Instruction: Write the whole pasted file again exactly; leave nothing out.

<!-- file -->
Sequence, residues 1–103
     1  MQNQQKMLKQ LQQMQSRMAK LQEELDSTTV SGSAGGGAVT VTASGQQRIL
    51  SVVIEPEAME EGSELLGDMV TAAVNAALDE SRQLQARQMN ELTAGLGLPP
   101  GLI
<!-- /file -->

Sequence, residues 1–103
     1  MQNQQKMLKQ LQQMQSRMAK LQEELDSTTV SGSAGGGAVT VTASGQQRIL
    51  SVVIEPEAME EGSELLGDMV TAAVNAALDE SRQLQARQMN ELTAGLGLPP
   101  GLI